NERA Economic Consulting has published an interesting working paper entitled “Loss Causation and Damages in Shareholder Class Actions: When It Takes Two Steps To Tango.” The author, Dr. David Tabak, discusses the circuit court split between courts that believe plaintiffs must demonstrate a causal connection between the alleged misrepresentations and a subsequent decline in the stock price to adequately plead loss causation (e.g., Emergent Capital Investment Management, LLC v. Stonepath Group, Inc., 343 F.3d 189 (2d Cir. 2003)) and courts that believe plaintiffs merely need to demonstrate that the alleged misrepresentations artificially inflated the stock price (e.g., Broudo v. Dura Pharmaceuticals, Inc., 339 F.3d 933 (9th Cir. 2003)).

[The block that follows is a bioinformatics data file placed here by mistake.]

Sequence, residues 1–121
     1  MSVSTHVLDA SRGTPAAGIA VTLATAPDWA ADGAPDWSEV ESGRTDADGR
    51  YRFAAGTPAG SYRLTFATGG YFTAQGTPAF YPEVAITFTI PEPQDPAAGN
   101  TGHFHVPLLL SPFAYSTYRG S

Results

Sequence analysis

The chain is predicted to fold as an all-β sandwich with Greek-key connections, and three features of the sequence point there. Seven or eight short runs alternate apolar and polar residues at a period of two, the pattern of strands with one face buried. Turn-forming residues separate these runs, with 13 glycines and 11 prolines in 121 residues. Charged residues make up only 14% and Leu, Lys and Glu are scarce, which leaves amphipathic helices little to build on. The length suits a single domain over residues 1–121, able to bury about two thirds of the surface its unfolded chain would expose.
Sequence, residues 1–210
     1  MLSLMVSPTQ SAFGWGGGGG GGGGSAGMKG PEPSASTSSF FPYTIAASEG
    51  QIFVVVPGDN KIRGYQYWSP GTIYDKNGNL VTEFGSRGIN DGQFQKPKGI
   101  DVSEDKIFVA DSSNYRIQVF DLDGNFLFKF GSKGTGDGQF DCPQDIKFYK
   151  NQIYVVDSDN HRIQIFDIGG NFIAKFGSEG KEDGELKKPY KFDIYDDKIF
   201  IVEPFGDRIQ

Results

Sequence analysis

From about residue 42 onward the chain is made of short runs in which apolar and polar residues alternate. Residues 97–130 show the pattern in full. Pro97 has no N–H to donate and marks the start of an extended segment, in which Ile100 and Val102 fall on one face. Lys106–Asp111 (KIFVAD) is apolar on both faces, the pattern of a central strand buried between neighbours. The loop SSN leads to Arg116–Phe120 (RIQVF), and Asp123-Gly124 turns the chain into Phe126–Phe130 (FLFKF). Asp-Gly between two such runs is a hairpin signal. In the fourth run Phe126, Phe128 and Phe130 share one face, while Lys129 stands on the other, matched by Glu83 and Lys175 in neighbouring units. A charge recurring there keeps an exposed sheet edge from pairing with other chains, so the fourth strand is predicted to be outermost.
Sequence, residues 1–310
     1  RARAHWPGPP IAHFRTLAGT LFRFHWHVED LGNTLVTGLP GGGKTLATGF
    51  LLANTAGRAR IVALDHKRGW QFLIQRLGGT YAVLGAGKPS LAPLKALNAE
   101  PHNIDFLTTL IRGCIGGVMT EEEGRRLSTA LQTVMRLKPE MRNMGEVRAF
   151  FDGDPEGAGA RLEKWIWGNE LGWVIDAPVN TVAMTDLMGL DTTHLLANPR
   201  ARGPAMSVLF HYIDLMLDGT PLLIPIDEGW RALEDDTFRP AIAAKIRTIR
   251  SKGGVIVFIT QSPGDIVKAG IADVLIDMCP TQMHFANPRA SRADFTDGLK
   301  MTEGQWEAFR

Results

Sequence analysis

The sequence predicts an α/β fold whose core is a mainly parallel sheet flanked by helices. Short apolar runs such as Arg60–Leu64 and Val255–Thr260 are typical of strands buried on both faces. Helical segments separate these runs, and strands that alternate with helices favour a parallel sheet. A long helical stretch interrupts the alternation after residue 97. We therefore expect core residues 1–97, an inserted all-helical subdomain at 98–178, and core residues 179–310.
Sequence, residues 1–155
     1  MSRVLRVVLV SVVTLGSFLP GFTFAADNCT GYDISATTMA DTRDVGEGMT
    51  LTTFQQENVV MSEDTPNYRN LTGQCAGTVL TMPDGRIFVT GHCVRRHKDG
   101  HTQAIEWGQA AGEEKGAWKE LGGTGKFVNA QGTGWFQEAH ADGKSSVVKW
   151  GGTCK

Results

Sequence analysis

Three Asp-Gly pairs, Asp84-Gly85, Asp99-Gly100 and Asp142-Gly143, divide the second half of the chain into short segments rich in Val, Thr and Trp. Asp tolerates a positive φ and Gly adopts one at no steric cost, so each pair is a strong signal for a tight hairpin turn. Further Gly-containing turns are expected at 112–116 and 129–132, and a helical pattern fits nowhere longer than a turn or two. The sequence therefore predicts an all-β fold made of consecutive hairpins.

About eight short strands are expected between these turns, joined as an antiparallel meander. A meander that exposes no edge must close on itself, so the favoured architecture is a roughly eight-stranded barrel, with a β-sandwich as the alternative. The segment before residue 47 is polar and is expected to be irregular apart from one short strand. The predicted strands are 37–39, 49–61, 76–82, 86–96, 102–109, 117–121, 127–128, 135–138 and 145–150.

Dr. Tabak finds that “if plaintiffs have to plead either only a purchase inflation or only a later price decline, some investors will ‘successfully’ plead loss causation without having suffered a loss.” Accordingly, there is a logical argument that plaintiffs should have to plead both a purchase inflation and a later price decline related to the fraud to survive a motion to dismiss. The article also discusses how the different loss causation pleading requirements impact the calculation of damages.